Self Defeating behaviours can hold us all back but they can worked on...
Many people develop self-defeating behaviours within their personal and working lives or their relationships with others, but how do any of us know we are using self-defeating behaviours, that can potentially hold us back in our lives?
Self-defeating behaviours can happen at any point in a person’s life and more than one self-defeating behaviour can be experienced at once.
Do you ever wonder why you seem to always meet the wrong men or women in relationships constantly?
Why is that? Self-defeating behaviour is behaviour which is either unwittingly or deliberately self-sabotaging. An example, if you are sub consciously frightened of committing to a relationship, then you could find yourself behaving in a particular way in relationships to prevent commitment. When you meet potential partners, you may select unsuitable partners, so the relationship fails and then you can prove to yourself that you were right all along about becoming involved in a relationship and that relationships always fail.
Self-Defeating behaviours hold you back in life
Self-defeating thoughts such as; “I have never been able to do that…I’m just no good at it.” or “It’s just too much like hard work, I won’t bother!” or "I’ve already made too many mistakes — I’m too old to change.” are common in people with self-defeating behaviours.
There are lots of different forms of self-defeating behaviours:
Some people will develop behaviours based on the belief that if they don’t do something completely and entirely then they have failed and there’s no point in doing it any longer.
This kind of pattern is common in people with weight issues
After mistakenly eating something off plan for example, the automatic thought is often one of total defeat; “Oh well, I’ve blown my diet entirely, I may as well finish off the cakes.” The client feels like a failure, but this can be linked to low self-esteem and sometimes, pre-existing beliefs about themselves or learnt behaviour that they ‘fail’ generally.
This self-defeating thought forms a pattern, and then a new negative behaviour is learnt. In this example, the person is unable to diet because they think they will always fail.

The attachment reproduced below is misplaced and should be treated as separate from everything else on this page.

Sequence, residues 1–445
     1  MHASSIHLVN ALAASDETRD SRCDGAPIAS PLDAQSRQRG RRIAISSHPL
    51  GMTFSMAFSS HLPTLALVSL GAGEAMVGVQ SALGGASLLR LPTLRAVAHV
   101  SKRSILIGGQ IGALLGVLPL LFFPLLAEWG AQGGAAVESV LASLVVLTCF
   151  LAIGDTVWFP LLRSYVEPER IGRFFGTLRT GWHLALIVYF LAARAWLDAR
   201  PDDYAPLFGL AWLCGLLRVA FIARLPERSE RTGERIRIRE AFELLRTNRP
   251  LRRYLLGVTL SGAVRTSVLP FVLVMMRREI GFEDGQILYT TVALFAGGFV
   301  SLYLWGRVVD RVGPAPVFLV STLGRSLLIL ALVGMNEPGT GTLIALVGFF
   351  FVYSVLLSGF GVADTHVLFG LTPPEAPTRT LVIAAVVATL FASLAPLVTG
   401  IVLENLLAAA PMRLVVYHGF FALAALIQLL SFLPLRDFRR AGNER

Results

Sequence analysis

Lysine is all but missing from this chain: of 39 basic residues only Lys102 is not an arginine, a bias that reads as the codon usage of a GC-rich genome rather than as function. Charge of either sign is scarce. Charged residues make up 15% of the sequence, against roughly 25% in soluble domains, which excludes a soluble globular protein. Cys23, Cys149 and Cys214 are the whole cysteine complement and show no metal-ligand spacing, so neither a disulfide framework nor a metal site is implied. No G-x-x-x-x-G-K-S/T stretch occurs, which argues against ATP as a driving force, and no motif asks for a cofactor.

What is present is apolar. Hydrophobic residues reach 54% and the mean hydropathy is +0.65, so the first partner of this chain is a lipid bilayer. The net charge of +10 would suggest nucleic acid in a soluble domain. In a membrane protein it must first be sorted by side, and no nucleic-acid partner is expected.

Self-defeating behaviour can also be classified as ‘Primary self-destruction’ which is when people deliberately seek to harm themselves.
Examples of this type of behaviour could be alcohol abuse and self-harming.
It can also be classified as ‘Trade-off’. This is when the person knowingly makes a trade-off in a situation. An example of this is when a person smokes; they know the relative risks involved, but they make the decision to trade off the risks against the perceived pleasure they get from smoking.
In the trade-off example, people will deliberately choose to do something that they know will harm themselves, so if they fail later, they are able to blame their failure on the bad choice they previously made.
There can be “counterproductive strategies” that are part of Self-Defeating behaviours. This is where the person intends on doing something to help their situation, but unintentionally creates an even worse situation. For this to be classified as a self-defeating behaviour, it has to have become habitual; something that the person repeatedly carries out despite getting the same negative outcome.
Sometimes emotional behaviours that are self-defeating are harder to spot. For example, a person may have extreme perfectionist tendencies, but this may not be evident immediately. It is the job of a therapist to try and work out the issues/self-defeating behaviours.
Other emotional self-defeating behaviours could be over confidence, under confidence, being incredibly defensive, aggressive or hostile or even avoidance.
So how do we treat these potentially self-limiting and damaging behaviours?
Self-defeating behaviours can be treated with Hypnotherapy or Counselling and it is possible to change behaviours, even behaviours which have been with you for a while. A Hypnotherapist or Counsellor will try to find out when the self-defeating behaviours first started and what event triggered them to happen. Then hopefully, help with changing these negative behaviours and go forward with new positive responses to life.
And the first important thing to remember is, always seek out a qualified and accredited therapist when dealing with any kind of issue in your life.
Don’t let your old negative responses hold you back in life.